Jack Wallen shows you how to build custom templates in Portainer to help make your container developer process more efficient.

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Portainer has become my go-to for managing container deployments. This one-stop-shop makes it incredibly easy to build apps and services and takes care of nearly every step required for full-stack, containerized app deployment.

One feature Portainer includes is the ability to create custom app templates. With these app templates, you can create reusable manifests for full-stack applications. Think of this as your way to create, save and use dockerfiles over and over – all from within the Portainer GUI. Using custom templates is a great way to simplify your workflow and ease your development burden.

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What you’ll need

To work with custom templates, you’ll need a running instance of Portainer and an account with which to log in. And that’s it: Let’s get to work.

How to create a custom template

Log in to Portainer

Point your web browser to your Portainer instance and log in with a user account that has the necessary permissions to create various assets on the platform.

Access the Custom Templates section

Click to expand the App Templates section in the left sidebar and then click Custom Templates (Figure A).

Figure A

Image: Jack Wallen/TechRepublic. Accessing the Custom Templates section in Portainer.

Create the new template

I’m going to demonstrate how to create a custom template for Nextcloud deployments. In the resulting window (Figure B), click Add Custom Template.

Figure B

Image: Jack Wallen/TechRepublic. The Portainer Custom Template overview.

In the top section of the Custom Template add page (Figure C), give the template a name – such as nextcloud-template – and a description.

Figure C

Image: Jack Wallen/TechRepublic. Creating a new Custom Template to be used in Portainer.

Make sure to select Linux as the platform and if available select Swarm from the type. Once you’ve taken care of that, scroll down to the Build Method section. Paste the following content in the Web Editor section (Figure D). Make sure to edit passwords to be strong and unique:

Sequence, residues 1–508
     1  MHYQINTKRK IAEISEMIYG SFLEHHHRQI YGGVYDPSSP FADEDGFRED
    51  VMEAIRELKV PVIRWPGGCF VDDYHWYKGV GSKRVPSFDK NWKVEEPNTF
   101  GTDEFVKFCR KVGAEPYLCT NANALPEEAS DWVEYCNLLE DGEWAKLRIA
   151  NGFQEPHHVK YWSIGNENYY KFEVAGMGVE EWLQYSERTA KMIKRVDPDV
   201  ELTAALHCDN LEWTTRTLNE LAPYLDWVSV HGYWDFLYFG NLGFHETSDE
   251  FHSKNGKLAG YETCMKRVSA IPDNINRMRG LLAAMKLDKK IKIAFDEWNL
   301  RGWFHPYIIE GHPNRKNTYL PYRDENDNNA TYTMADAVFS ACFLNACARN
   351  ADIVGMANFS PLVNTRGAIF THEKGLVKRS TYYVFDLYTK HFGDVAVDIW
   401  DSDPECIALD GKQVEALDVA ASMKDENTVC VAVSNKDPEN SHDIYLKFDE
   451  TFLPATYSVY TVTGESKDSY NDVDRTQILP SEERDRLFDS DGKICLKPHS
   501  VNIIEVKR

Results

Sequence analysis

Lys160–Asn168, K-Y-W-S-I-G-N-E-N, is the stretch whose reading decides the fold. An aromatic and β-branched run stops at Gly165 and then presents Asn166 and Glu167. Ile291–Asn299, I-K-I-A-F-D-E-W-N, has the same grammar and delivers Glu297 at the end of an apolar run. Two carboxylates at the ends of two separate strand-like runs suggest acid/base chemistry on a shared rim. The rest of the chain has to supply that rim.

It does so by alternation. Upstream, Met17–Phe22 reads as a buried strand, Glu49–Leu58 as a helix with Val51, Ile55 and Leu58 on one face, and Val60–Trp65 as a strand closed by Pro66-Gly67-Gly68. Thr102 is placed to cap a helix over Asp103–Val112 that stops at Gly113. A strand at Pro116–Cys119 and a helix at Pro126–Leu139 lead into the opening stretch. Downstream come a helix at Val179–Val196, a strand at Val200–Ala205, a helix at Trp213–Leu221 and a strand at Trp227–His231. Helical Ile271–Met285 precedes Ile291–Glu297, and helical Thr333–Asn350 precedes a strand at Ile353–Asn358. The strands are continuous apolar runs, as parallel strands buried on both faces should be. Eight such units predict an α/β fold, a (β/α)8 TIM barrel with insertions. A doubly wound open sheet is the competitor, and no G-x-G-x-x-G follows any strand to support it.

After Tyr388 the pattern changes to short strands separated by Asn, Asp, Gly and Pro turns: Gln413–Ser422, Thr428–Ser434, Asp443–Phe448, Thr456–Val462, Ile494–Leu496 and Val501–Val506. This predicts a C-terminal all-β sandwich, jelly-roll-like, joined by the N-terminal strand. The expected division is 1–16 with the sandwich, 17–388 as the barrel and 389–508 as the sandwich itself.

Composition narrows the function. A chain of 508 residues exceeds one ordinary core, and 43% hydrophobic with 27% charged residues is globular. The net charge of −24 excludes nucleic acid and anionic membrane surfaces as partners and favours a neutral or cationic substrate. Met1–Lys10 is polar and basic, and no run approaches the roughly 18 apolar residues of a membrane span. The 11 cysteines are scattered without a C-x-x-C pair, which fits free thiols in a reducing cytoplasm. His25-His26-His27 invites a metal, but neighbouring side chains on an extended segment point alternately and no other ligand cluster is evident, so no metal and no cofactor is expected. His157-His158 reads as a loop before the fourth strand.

version: "3"

services:

nextcloud:

image: nextcloud:latest

restart: unless-stopped

ports:

- 8081:80

environment:

- MYSQL_HOST=mysql

- MYSQL_DATABASE=nextcloud

- MYSQL_USER=nextcloud

- MYSQL_PASSWORD=nextcloud

volumes:

- nextcloud:/var/www/html

mysql:

image: mysql:8.0

restart: unless-stopped

environment:

- MYSQL_DATABASE=nextcloud

- MYSQL_USER=nextcloud

- MYSQL_PASSWORD=nextcloud

- MYSQL_ROOT_PASSWORD=nextcloud

volumes:

- mysql:/var/lib/mysql

volumes:

mysql:

nextcloud:

Figure D

Image: Jack Wallen/TechRepublic. The dockerfile for a Nextcloud deployment makes for a great template.

Scroll to the bottom and click Create Custom Template to save your work.

How to deploy the template

We can now use our template over and over. In the Custom Template section (Figure E), click the newly-created custom template.

Figure E

Image: Jack Wallen/TechRepublic. Our new Custom Template has been created and can now be used.

In the resulting window (Figure F), give the stack a unique name and click Deploy The Stack.

Figure F

Image: Jack Wallen/TechRepublic. Deploying a new stack from our template.

After a moment, the stack containers will be up and ready to use.

You can reuse that custom template as often as you like. One thing to keep in mind, however, is that if you re-use it while a previous deployment is running, you will have to change the external port number for Nextcloud, otherwise it will fail to run because the port within the template is already in use.

And that’s all there is to creating and using custom templates in Portainer. Enjoy that newfound efficiency.

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